As for VantagePoint3, this is a major venue for bringing contemplative/emergent beliefs into the church. The Emergent Journey is VantagePoint3′s venue for doing this. Just as one example, VantagePoint3′s educational design overseer, Rob Loane, uses Henri Nouwen in the Emergent Journey (see here) to help people find their “true identity.” However, we know that Henri Nouwen was a panentheist and a contemplative mystic who believed there were many paths to God.
Lighthouse Trails has written articles on both Richard Foster and VantagePoint3. Below are links to two of those articles.
The Quantum Christ: Entering the World AND the Church Through Popular New Age & Christian Leaders (an article by Warren B. Smith that talks about VantagePoint3)
By Garrett Haley
Christian News Network
DAYTON, Tenn. – Four Bryan College trustees have resigned from their positions out of their disagreement with the leadership’s handling of an ongoing controversy over its holding to the literal Creation account.
As previously reported, a controversy erupted at Bryan College earlier this year when the small evangelical school clarified its stance on the creation of man. The statement of belief clarification simply affirmed the traditional biblical position that Adam and Eve were divinely created by God—not descendants of earlier life forms.
“We believe that all humanity is descended from Adam and Eve,” the statement said. “They are historical persons created by God in a special formative act, and not from previously existing life forms.” Click here to continue reading.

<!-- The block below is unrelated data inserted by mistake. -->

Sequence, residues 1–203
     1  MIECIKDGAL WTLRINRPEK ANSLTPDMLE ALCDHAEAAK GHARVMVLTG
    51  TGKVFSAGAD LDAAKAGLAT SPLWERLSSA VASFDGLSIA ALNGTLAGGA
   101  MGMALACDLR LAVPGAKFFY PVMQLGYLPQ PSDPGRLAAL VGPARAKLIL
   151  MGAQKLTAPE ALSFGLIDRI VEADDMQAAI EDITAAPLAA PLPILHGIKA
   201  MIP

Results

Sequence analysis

By Berit Kjos
On a cold drizzly day in early 1998 [long before the NSA raised fear of a rising Police State], I took a sobering tour through the Holocaust Museum in Washington DC. A picture of a Gestapo officer brought back memories of the Nazi soldiers that guarded our neighborhood in Norway during World War II. Young as I was (I was born in Oslo shortly before Hitler’s invasion of Norway), I will never forget the piercing air raids, the thundering war planes, our hiding place in the basement, and the sounds of exploding bombs and fires around us.
My young father was a leader in “Hjemme Fronten” (the Home Front) — an underground army of loyal Norwegians who would risk death than submit to Nazi tyranny. Caught helping other brave soldiers escape into neutral Sweden, he endured hunger, torment, and the threat of death in Oslo’s main Nazi concentration camp before his release at the end of the war.
The Norwegian people didn’t known such tyranny until the Nazi warships sailed up the Oslofjord on April 9, 1940. Overnight, Hitler’s fascism replaced liberty and trusted friends became foes. Resistance to the new ideology would be costly. But for most Norwegians, the choice was clear. Unlike Hitler’s masses, we hadn’t been weakened by years of ceaseless propaganda, slogans, service, and celebrations dedicated to the triumph of National Socialism.